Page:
On the pitch
Naive decision making isn’t just confined to off the pitch. On it, we are making a series of avoidable mistakes that are influencing our results. It is critical to remember that we are a team some way off maturity; and we do not yet have the right personnel to fully execute the manager’s philosophy. But there are some basic things we can do better.
Starting with Rodgers; he has suffered unfairly with having to walk into a club that for pure commercial purposes has opened its doors to the world. Being Liverpool has done Rodgers no favours in some respects. He isn’t an actor, he is a football manager. There were always going to be times when he appears a bit wooden, clichéd or clumsy. But Rodgers should not be judged on his performance in Being Liverpool – it is what happens on the pitch that counts.
His in game decision making and tactical awareness have been good so far. He has shown that he isn’t scared to make a decision; and that he will take risks. He looks to be a brave manager which is exactly what we need and expect at Liverpool Football Club.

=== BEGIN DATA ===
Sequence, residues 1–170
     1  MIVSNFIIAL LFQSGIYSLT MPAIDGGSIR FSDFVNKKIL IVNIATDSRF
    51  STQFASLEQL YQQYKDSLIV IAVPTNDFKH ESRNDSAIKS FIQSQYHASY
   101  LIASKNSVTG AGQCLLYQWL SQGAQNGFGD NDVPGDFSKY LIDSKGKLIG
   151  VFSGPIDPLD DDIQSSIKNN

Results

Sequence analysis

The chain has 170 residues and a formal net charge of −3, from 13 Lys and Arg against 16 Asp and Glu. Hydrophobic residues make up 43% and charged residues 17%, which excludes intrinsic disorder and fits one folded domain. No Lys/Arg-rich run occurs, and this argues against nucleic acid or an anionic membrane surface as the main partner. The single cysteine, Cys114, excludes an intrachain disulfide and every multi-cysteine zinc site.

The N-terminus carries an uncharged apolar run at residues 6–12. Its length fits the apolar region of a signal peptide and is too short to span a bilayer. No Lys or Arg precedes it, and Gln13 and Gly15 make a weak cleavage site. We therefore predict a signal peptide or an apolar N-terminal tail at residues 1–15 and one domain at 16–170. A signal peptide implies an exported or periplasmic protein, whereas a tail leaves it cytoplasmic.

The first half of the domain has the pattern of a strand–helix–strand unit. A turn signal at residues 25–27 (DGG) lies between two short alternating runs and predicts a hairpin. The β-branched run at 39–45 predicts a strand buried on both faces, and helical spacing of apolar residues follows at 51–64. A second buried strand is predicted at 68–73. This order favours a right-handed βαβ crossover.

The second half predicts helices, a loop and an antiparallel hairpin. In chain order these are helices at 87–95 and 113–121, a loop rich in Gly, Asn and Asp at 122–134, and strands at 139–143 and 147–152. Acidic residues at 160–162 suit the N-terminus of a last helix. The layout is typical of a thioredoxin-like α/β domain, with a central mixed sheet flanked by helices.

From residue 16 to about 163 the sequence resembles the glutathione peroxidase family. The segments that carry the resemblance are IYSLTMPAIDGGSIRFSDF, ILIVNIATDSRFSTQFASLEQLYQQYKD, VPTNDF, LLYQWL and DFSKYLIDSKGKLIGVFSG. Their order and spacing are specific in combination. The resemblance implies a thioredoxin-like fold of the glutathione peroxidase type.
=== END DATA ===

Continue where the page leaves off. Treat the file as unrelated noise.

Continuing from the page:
But he does have a small squad. The first team players should not be getting anywhere near the Capital One Cup with the threadbare squad we have. If that means we have to sacrifice it, so be it. Progress in the Europa League makes more sense – and Rodgers has thus far managed that competition well.
Rodgers is also a top class orator. He has spoken out against the treatment of Suarez and also referees. He is saying and all of the right things; and he gives the impression of a man that will not be bullied or intimidated by Ferguson.
But he still has a lot to learn – and you cannot help but feel that a conduit would benefit him in the administrative side of the manager’s role. A manager has to be a politician, accountant and PR guru these days – which is why the role of a Sporting Director can be a critical one – providing the chemistry is right. Rodgers himself has to take some of the blame for the fallout of deadline day – and you can’t help but feel a more experienced head would have provided a different outcome.